State, congressional leaders push for child care overhaul

By Rob Manning (OPB)
May 1, 2021 5:31 p.m.

Members of Oregon’s congressional delegation and its legislature are working to improve support for families with young children.

Megan McMillan has known for a while how important quality child care is, and how difficult it can be to find in the Portland area. The pandemic also taught moms like her how hard it is to go without it.

“After enduring attempts to work from home full-time, with two kids under five, I can tell you with no doubt that child care is the work that makes all other work possible,” McMillan said.


The growing consensus that child care is a necessary part of a functioning economy — and that Oregon’s patchwork of providers isn’t up to the job — has pressed elected leaders from Salem to Washington, DC to pursue major changes.

Oregon leaders at the state and national level are pushing for major investments and structural changes to child care, pointing to inequities and gaps in support for young children — problems that were made deeper by the year-long pandemic.

At a state level, Oregon legislators have advanced a major overhaul of how the state supervises programs for the state’s youngest children, through the creation of a new early learning agency, with the backing of the Governor’s office and children’s advocacy groups.

At the same time in Congress, Oregon Democrats Sen. Ron Wyden and Reps. Suzanne Bonamici and Earl Blumenauer are touting plans to make huge investments in ramping up support for child care nationwide. The congressional members said at a press conference Friday outside a Portland child care center that they’re working with the Biden Administration to expand the supply of child care while also increasing the earnings of the historically low-paid provider workforce.

Economics, equity and infrastructure

Advocates and elected officials are presenting the push for child care in terms of equity, economic development and as part of an expanding definition of what “infrastructure” means.

“It matters to families and it also matters to our economy,” Bonamici said. “Child care is infrastructure.”

In economic terms, child care took a beating during the pandemic — but advocates in Oregon and elsewhere say the difficulties of the last year highlighted problems that have affected centers and preschools for years.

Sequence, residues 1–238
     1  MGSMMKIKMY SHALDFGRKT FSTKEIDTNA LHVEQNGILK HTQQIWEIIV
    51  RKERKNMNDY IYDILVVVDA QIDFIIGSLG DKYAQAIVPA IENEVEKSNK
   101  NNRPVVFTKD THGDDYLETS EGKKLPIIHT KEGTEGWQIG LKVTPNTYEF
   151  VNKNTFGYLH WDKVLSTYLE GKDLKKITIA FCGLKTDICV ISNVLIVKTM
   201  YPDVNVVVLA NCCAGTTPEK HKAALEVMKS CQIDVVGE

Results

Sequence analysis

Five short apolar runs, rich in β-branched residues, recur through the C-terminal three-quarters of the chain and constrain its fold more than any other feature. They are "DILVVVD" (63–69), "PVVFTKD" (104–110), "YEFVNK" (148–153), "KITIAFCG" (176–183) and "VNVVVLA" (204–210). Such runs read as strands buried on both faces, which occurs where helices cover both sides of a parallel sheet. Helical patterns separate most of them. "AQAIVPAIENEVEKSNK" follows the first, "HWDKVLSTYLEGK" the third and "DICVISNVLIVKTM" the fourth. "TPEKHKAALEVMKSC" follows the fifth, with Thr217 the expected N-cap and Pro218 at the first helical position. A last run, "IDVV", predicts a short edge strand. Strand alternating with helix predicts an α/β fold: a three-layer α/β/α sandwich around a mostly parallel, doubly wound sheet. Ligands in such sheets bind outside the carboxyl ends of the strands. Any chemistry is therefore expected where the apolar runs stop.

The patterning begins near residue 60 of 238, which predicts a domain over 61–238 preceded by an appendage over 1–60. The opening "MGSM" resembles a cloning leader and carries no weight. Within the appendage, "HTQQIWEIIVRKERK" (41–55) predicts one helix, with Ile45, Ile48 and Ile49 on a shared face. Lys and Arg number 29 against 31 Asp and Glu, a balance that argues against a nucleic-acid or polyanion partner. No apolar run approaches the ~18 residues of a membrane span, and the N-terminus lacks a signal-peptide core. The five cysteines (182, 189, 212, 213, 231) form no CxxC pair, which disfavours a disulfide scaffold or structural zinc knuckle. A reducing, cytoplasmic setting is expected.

“This is an issue that is finally getting the attention it deserves,” Blumenauer said at the Friday press conference.

Child care in Oregon has been in short supply everywhere, with every county categorized as a “child care desert” according to a 2019 analysis by Oregon State University. And that was before the pandemic closed more than half the providers in the state, at least temporarily. The result is that simply child care is difficult to find and even harder to afford.

“The cost of child care for two children under five is almost double what I pay for housing,” parent Megan McMillan said, adding that looking for quality child care she can afford can be a “full-time job on top of my already full-time job.”

Sen. Wyden said Friday that what’s facing Oregon and other parts of the country is a “supply side challenge.”

“We need to increase the supply of child care facilities,” Wyden said. Oregon’s senior senator and now chair of the powerful Senate Finance Committee pointed to a $700 billion proposal he’s backing with Sen. Elizabeth Warren, D-Massachusetts, called the University Child Care and Early Learning Act.

The massive spending proposal follows a more modest, but still significant federal investment of $40 billion from the American Rescue Plan. Federal recognition of child care also showed up as $3.5 billion in block grants to child care providers, as part of the CARES Act, passed under the Trump Administration.

At the same time that child care can be in short supply and overly expensive, its employees — teachers, caregivers — tend to be underpaid. Bonamici, who calls herself the only “congressmom” in the delegation, tied the need for living wages in the child care sector to efforts to support communities of color.

“It is also an issue of racial justice,” Bonamici said. “Families of color face income gaps that make quality care even less affordable, and early childhood educators are disproportionately women of color and working so, are often — too often — living in poverty.”

Bonamici called for passing President Biden’s American Families Plan, which the president highlighted in his first address to a joint session of Congress last week. Among the spending provisions of Biden’s $1.8 trillion proposal is a cap on the amount middle and low-income families pay toward child care.


Oregon proposes new child care agency